London, Jan. 2: Nearly 10 million television viewers tuned in last night to try and find out how Sherlock Holmes survived after throwing himself off the top of a high building in London — and this morning they are still not much wiser.
There are 13 possible solutions to the problem, the great detective himself says at one point, but of the three that are shown it is unclear whether the last one represents what really happened.
The second series of Sherlock, a modern retelling of Arthur Conan Doyle’s stories, ended two years ago with a cliffhanger.
A final encounter between Sherlock Holmes and his chief adversary, “Jim” Moriarty, ends on the roof of St. Bartholomew’s Hospital, with the latter shooting himself in the mouth and the great detective then feigning death by flinging himself from the precipice of the building.
Holmes is played by Benedict Cumberbatch, who has become one of the biggest stars in the world, while the actor Martin Freeman has been cast as the faithful Dr John Watson.
Watson, who has been summoned on cellphone by Holmes to witness the incident, sees his friend fall and afterwards checks his blood-splattered body on the pavement to confirm the absence of a pulse.
But viewers know that Holmes has survived because he stands hidden by trees in a cemetery while an anguished Watson utters grief-stricken words before a headstone bearing the legend, “Sherlock Holmes”.
After two years of feverish global speculation, whipped up with teasers from the co-writers, Steven Moffat and Mike Gatiss (he also plays Holmes’s elder and more cerebral brother, Mycroft), these were the solutions offered last night:
Solution 1: Holmes does throw himself off the building but he is attached to a rope as though he is bungee jumping. The elastic rope pulls him back well before he hits the ground. But on the way up Holmes swerves sideways, crashes though a window and gives a kiss to a waiting collaborator, Molly Hooper (Louise Brealey), who works in a mortuary and has a bit of a crush on Holmes.
Meanwhile, unseen helpers rush Moriarty’s body off the roof, have scalpels ready to fix a Sherlock Holmes mask on the face of the deceased and then place him on the pavement in time for Watson to check the man’s pulse. Valuable time is gained with, first, a cyclist bumping into Watson, and then by a well known British illusionist, Derren Brown (playing himself), hypnotising him for a minute or two. By the time Watson regains his senses, the fake body is in place.
Solution 2: A giggling Holmes and Moriarty, snuggling by a chimney breast — they even share a kiss and are enjoying a private joke at Watson’s expense. A body with a face resembling that of Holmes is dangled from the roof’s edge but it is attached to a rope held by the real Holmes.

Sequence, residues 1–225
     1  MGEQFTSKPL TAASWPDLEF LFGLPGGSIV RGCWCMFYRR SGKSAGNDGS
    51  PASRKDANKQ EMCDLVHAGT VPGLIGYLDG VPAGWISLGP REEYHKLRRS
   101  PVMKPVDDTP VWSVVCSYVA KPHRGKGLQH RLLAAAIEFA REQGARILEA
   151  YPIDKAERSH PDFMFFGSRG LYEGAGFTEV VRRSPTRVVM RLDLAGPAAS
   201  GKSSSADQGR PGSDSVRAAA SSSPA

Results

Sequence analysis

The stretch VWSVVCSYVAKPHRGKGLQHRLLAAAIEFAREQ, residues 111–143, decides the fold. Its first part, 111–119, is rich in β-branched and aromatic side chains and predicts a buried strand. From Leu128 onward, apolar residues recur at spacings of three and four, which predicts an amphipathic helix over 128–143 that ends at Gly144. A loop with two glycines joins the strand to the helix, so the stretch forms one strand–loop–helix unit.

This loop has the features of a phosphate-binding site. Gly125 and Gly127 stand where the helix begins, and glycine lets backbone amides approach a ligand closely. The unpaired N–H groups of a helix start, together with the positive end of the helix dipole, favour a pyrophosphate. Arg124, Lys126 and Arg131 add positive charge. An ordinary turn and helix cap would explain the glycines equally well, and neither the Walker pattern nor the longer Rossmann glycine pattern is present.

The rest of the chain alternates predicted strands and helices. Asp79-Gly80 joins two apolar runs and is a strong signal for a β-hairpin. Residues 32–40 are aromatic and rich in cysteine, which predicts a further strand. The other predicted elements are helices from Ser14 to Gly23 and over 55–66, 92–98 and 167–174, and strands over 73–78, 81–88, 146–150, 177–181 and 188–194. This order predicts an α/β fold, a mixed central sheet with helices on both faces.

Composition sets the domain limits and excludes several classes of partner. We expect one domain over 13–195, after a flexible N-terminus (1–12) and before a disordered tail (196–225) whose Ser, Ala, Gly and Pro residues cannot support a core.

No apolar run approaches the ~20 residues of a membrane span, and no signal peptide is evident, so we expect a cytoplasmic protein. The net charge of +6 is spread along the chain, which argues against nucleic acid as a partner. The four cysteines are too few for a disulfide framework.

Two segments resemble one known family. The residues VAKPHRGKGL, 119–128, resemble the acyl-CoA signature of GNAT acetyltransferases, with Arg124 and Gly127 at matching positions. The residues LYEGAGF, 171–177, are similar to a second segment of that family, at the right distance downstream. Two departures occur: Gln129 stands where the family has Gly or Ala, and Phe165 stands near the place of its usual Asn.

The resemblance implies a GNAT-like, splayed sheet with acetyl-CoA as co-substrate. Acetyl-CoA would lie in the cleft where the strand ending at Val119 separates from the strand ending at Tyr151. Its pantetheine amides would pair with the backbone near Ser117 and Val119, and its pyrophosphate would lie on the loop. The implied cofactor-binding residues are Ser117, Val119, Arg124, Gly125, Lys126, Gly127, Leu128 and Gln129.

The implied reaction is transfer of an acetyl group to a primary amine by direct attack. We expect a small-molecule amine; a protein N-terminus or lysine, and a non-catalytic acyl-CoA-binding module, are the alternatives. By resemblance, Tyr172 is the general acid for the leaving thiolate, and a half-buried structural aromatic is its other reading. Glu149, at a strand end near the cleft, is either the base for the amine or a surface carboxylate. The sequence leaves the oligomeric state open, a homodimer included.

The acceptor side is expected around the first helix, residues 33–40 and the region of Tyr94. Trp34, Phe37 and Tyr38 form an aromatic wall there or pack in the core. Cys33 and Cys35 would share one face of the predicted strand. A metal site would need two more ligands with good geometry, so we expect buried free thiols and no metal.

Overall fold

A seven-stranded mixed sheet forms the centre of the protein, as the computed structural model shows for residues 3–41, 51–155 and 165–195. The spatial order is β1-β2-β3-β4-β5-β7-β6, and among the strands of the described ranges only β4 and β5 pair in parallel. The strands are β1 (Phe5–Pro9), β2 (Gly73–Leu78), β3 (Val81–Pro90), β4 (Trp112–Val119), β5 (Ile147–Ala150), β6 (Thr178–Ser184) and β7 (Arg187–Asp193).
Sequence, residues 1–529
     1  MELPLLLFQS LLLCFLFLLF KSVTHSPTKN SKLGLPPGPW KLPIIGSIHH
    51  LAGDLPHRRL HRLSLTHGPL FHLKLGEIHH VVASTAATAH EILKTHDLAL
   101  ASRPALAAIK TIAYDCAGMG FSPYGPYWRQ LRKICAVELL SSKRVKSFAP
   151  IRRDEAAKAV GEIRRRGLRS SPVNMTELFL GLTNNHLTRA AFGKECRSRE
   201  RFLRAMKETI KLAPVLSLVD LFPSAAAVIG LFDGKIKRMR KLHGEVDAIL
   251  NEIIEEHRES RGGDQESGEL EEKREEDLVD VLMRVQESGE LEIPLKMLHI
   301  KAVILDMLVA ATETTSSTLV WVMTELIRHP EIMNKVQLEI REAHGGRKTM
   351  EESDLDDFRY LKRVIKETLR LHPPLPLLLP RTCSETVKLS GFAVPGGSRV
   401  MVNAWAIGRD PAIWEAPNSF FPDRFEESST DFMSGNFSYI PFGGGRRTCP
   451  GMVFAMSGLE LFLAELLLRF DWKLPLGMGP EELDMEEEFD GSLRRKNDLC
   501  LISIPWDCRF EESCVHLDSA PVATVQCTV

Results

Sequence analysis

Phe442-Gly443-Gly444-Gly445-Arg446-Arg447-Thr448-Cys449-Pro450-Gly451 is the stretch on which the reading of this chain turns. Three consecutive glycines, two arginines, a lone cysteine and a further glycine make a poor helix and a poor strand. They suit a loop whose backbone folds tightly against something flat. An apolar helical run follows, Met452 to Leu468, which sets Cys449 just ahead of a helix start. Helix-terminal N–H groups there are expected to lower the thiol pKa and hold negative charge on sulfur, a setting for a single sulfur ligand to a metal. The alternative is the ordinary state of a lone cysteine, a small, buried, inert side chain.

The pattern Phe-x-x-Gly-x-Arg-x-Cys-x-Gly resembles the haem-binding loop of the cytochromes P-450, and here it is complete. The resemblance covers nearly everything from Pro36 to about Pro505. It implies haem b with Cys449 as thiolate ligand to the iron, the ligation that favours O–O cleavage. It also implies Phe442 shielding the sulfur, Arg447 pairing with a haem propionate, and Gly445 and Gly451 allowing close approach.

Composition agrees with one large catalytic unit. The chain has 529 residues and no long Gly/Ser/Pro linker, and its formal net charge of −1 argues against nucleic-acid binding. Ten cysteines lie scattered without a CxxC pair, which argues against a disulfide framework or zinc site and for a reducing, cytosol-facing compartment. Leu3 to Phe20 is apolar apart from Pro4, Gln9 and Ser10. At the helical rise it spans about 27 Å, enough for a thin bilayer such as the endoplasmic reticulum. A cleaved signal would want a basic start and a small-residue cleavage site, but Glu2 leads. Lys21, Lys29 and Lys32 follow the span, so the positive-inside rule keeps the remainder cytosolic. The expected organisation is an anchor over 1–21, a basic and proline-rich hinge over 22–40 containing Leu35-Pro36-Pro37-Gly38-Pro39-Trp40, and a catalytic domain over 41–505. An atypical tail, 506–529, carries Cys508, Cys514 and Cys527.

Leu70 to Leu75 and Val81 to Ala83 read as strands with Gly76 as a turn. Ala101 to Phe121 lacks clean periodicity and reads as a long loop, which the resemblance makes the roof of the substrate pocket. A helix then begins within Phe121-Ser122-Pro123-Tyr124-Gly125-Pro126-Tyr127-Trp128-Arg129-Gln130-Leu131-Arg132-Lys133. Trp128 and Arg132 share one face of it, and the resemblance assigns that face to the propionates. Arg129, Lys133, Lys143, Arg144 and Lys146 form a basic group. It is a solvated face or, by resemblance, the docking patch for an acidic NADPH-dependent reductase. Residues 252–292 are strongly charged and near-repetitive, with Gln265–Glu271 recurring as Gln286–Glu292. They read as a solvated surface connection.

This solution is so far-fetched that it is obviously not the real one.
Solution 3: In a pre-arranged operation codenamed Lazarus, Holmes jumps on to an inflatable mattress on top of a vehicle that is hidden by an ambulance but which moves swiftly into place as he jumps. It is then a simple matter for him to roll onto the pavement and have a syringe cover his face with blood. He is seen deftly placing a rubber ball under his armpit with the intention of stopping his pulse briefly.
This could well be a solution but it is so mundane that viewers, who had had a two-year wait for last night’s opening episode, The Empty Hearse (a pun on the original Conan Doyle story, The Empty House), of the third series of Sherlock will feel let down by a sense of anti-climax.
There were other noteworthy features in last night’s drama, in which Holmes is brought back from torture and imprisonment in Serbia by Mycroft, in order to deal with a terrorist threat to London.
This turns out to be an underground train compartment, packed with explosives, placed under the Palace of Westminster and primed to go off on November 5, Guy Fawkes Night.
Watson, who has aged visibly perhaps because of the loss of his friend, is now sporting a moustache. But Holmes reappears in a restaurant just as Watson is about to propose to the woman in his life, Mary Morstan (played by Freeman’s real life partner Amanda Abbington).
Watson is so furious that he should have been allowed to grieve for two years that he lunges at Holmes, seeks to throttle him and even head buts his friend who is left nursing a bleeding nose. Later, when Watson crossly threatens again to “kill” his friend, Holmes quips: “That’s so two years ago.”
The landlady at 221b Baker Street, Mrs Hudson (played by Una Stubbs) screams with horror when Holmes calmly opens the front door and walks in as though nothing had happened.
Incidentally, she approves that in his personal life Watson has moved on and was thinking of getting married.
Her incredulous reaction is: “To a woman? You really have moved on, haven’t you?”
Watson angrily protests: “I am not gay.”
Holmes’s parents also put in a cameo appearance and visit their son at his flat — they are played by Cumberbatch’s real parents Timothy Carlton and Wanda Ventham.
Cumberbatch said he was “so proud of them” but admitted: “They’re Equity card carrying members but you know it was nerve-wracking because they are actors as well and yet they were brilliant and they were fantastic.”
Another cliffhanger is promised for the third and last episode of the current series.